4 reasons men use to justify sexual harassment (and why they are wrong)

4 reasons men use to justify sexual harassment (and why they are wrong)
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My Facebook newsfeed this morning is filled with hashtags with the words “#MeToo.” It is part of a campaign to raise awareness of just how pervasive a problem sexual assault is in the USA. I read post after post of women who have been through the experience and now are talking out. Some of them I’ve known for years and never suspected it had happened to them. I commend them. It takes a lot of courage to speak out about what happened to them. Talking about sexual harassment is a taboo in society. Men have liked having the topic as socially unacceptable for specific discussion. It allows harassers to get away with their behavior.

Some of the women told very specific stories about their experiences. One woman said as a young waitress working her way through college her restaurant manager told her he would give her the good section in exchange for oral sex. She told him she would stick to the bad sections. Another woman wrote a simple “MeToo” and I know her story. She was raped. I’m writing her story later this week, and it is one of the most compelling stories I’ve heard.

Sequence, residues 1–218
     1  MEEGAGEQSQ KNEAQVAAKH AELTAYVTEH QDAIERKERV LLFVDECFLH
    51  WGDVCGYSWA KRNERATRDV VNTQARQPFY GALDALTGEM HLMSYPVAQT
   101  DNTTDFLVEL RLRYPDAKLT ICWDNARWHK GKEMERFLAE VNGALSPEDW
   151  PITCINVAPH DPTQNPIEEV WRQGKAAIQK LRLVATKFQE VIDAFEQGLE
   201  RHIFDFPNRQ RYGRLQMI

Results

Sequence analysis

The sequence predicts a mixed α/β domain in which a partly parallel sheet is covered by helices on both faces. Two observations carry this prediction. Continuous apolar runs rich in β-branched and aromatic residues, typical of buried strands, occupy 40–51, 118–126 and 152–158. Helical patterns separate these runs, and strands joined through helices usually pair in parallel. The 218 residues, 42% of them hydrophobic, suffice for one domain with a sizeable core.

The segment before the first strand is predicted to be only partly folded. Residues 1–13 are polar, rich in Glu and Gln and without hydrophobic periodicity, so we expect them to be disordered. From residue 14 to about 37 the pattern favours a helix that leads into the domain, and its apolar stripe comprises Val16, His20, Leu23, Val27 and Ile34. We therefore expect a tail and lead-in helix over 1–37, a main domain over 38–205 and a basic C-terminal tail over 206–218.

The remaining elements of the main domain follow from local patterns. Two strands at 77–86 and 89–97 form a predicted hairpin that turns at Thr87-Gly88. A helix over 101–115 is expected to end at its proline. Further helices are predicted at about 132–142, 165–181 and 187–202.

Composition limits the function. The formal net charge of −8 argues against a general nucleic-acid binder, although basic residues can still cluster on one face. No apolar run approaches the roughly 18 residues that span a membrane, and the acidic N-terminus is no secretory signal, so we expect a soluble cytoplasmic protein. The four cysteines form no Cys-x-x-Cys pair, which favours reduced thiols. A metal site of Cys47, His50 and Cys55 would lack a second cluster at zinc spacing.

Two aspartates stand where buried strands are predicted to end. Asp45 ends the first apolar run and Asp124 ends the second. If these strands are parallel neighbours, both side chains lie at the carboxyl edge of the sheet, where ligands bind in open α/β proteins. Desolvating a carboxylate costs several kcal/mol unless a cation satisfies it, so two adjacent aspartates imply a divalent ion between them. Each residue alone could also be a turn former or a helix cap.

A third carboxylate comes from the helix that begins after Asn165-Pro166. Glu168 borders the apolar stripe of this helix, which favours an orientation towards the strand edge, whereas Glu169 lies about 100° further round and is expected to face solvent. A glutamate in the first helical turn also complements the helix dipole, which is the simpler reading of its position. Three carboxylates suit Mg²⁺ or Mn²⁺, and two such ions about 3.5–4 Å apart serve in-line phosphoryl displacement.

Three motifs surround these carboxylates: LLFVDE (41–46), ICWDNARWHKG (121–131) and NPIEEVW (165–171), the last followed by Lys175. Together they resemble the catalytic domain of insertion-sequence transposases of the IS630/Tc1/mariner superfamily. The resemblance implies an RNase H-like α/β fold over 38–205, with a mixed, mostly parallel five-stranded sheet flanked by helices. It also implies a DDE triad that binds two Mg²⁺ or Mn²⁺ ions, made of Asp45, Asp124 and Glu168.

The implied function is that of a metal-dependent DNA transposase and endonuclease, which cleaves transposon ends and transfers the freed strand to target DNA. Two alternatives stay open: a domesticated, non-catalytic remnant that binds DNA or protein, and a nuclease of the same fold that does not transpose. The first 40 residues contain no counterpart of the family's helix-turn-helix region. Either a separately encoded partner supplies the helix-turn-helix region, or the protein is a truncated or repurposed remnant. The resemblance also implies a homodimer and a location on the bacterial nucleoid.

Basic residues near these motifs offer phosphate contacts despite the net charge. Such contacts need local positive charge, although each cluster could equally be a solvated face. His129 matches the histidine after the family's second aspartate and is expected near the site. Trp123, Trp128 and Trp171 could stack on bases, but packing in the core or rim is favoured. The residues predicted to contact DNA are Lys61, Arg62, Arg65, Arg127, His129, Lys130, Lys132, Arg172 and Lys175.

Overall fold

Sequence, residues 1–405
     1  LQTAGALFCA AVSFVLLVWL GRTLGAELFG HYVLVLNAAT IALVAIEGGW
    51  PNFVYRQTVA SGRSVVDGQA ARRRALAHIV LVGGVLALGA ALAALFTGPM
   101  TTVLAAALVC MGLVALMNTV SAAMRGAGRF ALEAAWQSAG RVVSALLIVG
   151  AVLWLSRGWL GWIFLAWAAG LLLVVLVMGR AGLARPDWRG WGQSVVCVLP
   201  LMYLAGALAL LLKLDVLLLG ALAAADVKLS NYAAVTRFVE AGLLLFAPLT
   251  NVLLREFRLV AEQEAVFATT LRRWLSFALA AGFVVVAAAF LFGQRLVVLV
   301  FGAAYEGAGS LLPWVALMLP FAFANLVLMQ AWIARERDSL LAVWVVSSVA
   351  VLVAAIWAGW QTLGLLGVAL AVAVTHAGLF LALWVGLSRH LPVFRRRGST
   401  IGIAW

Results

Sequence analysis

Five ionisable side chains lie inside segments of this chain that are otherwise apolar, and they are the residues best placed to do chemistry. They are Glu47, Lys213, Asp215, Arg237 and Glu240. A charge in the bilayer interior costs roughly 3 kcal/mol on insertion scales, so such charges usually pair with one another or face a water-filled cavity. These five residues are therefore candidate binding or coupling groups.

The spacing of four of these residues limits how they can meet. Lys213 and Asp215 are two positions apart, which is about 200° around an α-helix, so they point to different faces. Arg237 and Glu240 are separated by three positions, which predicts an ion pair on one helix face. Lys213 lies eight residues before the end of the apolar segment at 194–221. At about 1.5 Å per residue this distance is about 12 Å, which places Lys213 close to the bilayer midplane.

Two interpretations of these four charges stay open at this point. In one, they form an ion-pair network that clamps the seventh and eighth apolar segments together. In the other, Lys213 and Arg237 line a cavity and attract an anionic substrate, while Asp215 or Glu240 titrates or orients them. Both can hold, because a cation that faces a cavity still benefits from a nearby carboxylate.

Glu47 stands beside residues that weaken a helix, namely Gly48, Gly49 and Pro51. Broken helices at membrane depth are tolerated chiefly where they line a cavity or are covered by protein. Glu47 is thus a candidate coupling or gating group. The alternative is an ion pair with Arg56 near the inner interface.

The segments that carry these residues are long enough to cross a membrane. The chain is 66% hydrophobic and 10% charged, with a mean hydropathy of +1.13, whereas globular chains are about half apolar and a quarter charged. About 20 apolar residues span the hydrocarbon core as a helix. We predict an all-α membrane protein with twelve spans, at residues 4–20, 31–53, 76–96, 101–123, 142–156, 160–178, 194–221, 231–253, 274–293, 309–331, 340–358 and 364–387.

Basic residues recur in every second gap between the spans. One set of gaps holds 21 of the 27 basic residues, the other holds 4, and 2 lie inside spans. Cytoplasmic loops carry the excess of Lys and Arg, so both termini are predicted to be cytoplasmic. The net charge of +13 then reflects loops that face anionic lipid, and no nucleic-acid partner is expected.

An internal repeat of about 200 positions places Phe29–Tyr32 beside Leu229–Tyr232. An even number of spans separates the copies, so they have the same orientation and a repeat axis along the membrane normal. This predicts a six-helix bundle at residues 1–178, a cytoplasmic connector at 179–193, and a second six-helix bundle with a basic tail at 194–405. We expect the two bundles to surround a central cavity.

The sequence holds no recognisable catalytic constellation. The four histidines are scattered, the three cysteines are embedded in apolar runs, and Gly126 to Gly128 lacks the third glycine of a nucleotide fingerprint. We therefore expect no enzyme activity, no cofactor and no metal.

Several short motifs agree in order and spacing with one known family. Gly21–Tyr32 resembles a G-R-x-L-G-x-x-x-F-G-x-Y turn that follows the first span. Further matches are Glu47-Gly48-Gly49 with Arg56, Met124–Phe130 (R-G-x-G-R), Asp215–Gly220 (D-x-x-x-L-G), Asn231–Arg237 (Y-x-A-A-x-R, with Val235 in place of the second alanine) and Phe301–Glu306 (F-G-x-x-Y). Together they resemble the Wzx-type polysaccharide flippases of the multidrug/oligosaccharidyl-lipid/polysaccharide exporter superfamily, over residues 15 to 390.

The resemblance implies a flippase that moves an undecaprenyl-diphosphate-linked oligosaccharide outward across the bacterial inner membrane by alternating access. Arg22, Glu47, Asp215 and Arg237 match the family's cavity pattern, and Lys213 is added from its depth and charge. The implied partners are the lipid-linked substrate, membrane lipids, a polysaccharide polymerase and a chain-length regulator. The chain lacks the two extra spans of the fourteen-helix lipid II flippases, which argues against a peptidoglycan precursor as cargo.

The problem runs on a spectrum from a simple suggestion maybe said in a joking manner, to rape. Male friends and I talked about this in the 1980s when lawsuits started appearing in the press about sexual harassment. It is a huge problem even in today’s litigious environment. It was even a bigger problem 30 years ago. Sexual harassment then was a norm of society.

The reasons guys give

I read the signals and she wanted it. What are these signals? A flip of the hair, a smile, laughing at a joke, looking down in a coy way when you speak with her. Sorry, Romeo, a flip of the hair usually means her hair was in the way. Smiling does not always mean sexual attraction. Laughing at your jokes is not a synonym for “take me.”

Popular culture has given men the impression that when a woman does the things above it is part of the dance of romance. Many times, those behaviors are part of the dance of attraction. The problem is you’re not a very good dancer. Too many men are going from “you’re interesting,” to propose a mechanical sex act with no feeling.

She’s asking for it. Look how she dresses. A woman may be saying in a subliminal manner that she is available. That doesn’t mean she is saying she is necessarily available to you. I hate to burst your bubble, Romeo, but you may not be the fish she is looking for in the big sea.

No means yes. Sorry guys, no means no, and not yes. Popular culture once again reinforces a terrible stereotype. One of the all-time great Hollywood films, “Gone With the Wind” has an example. Rhett Butler grows tired of the fickle Scarlett O’Hare making him jump through hoops. In a dramatic scene, he swoops her into his arms, carries up the grand staircase to the bedroom and rapes her. The next morning, we see a smiling and loving Scarlett singing and happy.